Ink drying methods for screen printing can be broken down into four types, dictated by the type of ink used. It is important to understand the difference between "drying" and "curing," however. After printing, ink may become dry to the touch, but must achieve full internal curing to obtain durability. Specific instructions and proper methods regarding drying and curing can be found on the ink package, or by contacting the ink manufacturer.
The air-dry method is used for inks containing evaporative chemicals such as water or solvents. After printing, the items are racked or hung to prevent ink smudging, and the ink is allowed to air-dry. In high-volume commercial applications, items may be placed in forced-air conveyor dryers to speed the drying process. Hobbyists and smaller commercial shops sometimes use ordinary fans to increase air movement around printed items to cut down on drying time. Full cure is achieved after a specific length of air-exposure time.
Heated Air Method
Heated air is required to fully cure some air-dry inks. Used primarily for professional textile printing with water-based inks, items are sent through a heated air conveyor dryer after printing. Although water-based textile ink may be dry to the touch after exposure to room-temperature air, the addition of heated air is required to ensure that the inks will not fade or wash-out during laundering. Heated air is sometimes used for some air-dry inks to speed the drying and curing process more quickly and efficiently than exposure to room temperature air.
Infrared Heat Method
Infrared heat is used primarily for drying and curing PVC resin, or plastisol, inks used in the printing of wearable goods. The infrared heat penetrates the ink and fuses the PVC resins and other ingredients. Directly after printing, garments are placed in a conveyor dryer containing infrared heat panels. Small stationary infrared heaters, called "flash dryers," are sometimes used by hobbyists and small commercial shops to cure plastisol ink. Infrared heat is also used to dry and cure epoxy-based inks and other specialty ink formulations for the printing of metal, glassware and ceramics.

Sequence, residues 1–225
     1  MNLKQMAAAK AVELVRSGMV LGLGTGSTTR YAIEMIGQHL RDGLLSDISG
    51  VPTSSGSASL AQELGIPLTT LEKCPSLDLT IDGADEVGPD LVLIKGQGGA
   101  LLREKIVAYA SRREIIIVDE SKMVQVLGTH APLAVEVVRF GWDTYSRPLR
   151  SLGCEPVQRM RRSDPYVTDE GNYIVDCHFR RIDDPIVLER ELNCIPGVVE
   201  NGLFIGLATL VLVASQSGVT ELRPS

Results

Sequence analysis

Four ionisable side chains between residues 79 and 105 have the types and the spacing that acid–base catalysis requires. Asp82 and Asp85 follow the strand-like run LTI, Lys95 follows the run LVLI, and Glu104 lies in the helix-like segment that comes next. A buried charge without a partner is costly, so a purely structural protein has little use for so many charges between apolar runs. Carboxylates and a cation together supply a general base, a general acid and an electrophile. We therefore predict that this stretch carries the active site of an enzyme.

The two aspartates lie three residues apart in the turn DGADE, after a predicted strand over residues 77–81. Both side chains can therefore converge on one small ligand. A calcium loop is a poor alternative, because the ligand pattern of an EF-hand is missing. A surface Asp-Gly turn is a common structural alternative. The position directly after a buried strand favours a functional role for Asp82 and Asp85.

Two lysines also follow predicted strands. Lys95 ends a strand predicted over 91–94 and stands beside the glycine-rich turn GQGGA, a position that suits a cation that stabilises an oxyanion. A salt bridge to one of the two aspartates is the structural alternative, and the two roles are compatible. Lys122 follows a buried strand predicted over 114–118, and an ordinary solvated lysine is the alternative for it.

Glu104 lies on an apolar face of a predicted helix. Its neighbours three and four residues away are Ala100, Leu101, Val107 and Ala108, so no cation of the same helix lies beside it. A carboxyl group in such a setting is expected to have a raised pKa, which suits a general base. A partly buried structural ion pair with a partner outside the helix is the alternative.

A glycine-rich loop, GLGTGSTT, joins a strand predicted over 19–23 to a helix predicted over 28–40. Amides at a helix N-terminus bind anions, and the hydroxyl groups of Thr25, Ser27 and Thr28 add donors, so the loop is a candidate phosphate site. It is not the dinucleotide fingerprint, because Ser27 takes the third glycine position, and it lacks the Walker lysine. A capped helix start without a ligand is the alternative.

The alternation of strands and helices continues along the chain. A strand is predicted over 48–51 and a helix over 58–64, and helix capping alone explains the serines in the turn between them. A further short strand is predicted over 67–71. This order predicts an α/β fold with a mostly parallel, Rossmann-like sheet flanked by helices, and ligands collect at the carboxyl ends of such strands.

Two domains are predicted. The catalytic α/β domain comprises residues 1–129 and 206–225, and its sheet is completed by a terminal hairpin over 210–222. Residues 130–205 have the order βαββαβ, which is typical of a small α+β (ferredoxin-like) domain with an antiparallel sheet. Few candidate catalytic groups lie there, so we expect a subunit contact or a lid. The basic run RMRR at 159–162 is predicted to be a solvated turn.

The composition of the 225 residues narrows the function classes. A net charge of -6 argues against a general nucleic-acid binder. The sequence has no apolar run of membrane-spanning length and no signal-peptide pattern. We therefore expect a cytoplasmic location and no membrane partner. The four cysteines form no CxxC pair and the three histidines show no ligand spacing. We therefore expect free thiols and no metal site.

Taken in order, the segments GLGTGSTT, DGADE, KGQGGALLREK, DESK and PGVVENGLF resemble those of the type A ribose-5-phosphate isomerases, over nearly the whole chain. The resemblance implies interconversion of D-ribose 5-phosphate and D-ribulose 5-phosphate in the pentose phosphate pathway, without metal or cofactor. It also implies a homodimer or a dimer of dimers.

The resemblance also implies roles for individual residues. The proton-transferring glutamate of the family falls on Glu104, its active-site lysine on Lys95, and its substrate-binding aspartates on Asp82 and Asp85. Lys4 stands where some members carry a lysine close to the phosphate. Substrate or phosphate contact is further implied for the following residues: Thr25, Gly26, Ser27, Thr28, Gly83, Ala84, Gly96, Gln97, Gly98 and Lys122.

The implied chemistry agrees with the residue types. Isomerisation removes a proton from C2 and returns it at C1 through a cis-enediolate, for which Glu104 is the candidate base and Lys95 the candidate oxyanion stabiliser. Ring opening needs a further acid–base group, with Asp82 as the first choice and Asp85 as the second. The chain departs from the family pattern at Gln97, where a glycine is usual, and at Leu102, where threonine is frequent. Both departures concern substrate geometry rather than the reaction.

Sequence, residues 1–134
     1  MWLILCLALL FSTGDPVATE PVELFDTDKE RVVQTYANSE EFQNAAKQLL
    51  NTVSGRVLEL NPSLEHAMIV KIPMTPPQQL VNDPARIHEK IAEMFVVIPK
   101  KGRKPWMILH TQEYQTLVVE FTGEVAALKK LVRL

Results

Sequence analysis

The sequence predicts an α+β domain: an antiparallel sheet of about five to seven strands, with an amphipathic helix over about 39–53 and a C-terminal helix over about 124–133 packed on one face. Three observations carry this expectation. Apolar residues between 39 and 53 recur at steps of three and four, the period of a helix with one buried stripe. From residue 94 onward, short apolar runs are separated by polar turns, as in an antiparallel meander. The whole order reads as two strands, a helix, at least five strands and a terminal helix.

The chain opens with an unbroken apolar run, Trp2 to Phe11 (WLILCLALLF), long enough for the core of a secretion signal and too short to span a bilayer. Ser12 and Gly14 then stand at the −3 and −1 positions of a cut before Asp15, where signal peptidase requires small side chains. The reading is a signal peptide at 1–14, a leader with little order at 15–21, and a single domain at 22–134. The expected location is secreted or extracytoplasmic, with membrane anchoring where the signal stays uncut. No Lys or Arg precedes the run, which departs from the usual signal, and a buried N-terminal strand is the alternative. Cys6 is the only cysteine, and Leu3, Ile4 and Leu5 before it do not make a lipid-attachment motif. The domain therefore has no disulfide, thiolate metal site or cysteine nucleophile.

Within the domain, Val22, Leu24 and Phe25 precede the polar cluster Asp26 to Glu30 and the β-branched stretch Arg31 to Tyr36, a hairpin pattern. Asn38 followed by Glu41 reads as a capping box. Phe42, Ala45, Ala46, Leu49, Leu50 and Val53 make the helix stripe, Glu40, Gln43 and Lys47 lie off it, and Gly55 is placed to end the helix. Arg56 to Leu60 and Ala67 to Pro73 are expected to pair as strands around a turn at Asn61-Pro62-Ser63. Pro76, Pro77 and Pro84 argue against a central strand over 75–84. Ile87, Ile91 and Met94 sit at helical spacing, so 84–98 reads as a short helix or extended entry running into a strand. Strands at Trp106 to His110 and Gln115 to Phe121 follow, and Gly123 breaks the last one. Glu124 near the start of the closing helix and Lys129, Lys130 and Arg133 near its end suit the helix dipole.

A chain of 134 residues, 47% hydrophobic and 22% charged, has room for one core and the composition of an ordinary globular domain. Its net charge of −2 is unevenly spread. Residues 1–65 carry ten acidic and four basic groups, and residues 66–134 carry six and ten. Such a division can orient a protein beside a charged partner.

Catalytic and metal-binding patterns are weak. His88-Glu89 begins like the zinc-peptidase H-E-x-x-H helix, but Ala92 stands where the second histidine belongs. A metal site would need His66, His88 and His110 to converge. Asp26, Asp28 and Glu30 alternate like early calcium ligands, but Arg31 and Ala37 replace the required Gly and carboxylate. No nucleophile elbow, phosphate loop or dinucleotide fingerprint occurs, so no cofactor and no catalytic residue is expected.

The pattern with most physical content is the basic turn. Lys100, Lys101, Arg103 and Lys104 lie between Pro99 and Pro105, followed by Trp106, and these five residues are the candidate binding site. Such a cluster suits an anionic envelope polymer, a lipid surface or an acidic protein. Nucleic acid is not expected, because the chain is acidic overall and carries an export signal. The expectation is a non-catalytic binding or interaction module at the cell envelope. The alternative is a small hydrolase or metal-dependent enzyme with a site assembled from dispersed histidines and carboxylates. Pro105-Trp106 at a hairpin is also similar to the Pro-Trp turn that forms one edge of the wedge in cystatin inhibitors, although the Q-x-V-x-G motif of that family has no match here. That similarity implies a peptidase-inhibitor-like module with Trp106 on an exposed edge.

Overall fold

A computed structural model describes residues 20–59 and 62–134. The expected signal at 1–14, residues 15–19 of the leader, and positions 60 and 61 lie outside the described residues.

Ultra-Violet Light Method
Ultra-violet light is used in commercial applications for drying and curing ultra-violet inks in the printing of paper and some plastics. After printing, items are placed in special conveyor dryers with internal high-intensity ultra-violet light sources which dry and cure the ink. UV inks will not dry or cure with any other drying method, and are the only inks that require the use of the ultra-violet drying method.
Matt McKay began his writing career in 1999, writing training programs and articles for a national corporation. His work has appeared in various online publications and materials for private companies. McKay has experience in entrepreneurship, corporate training, human resources, technology and the music business.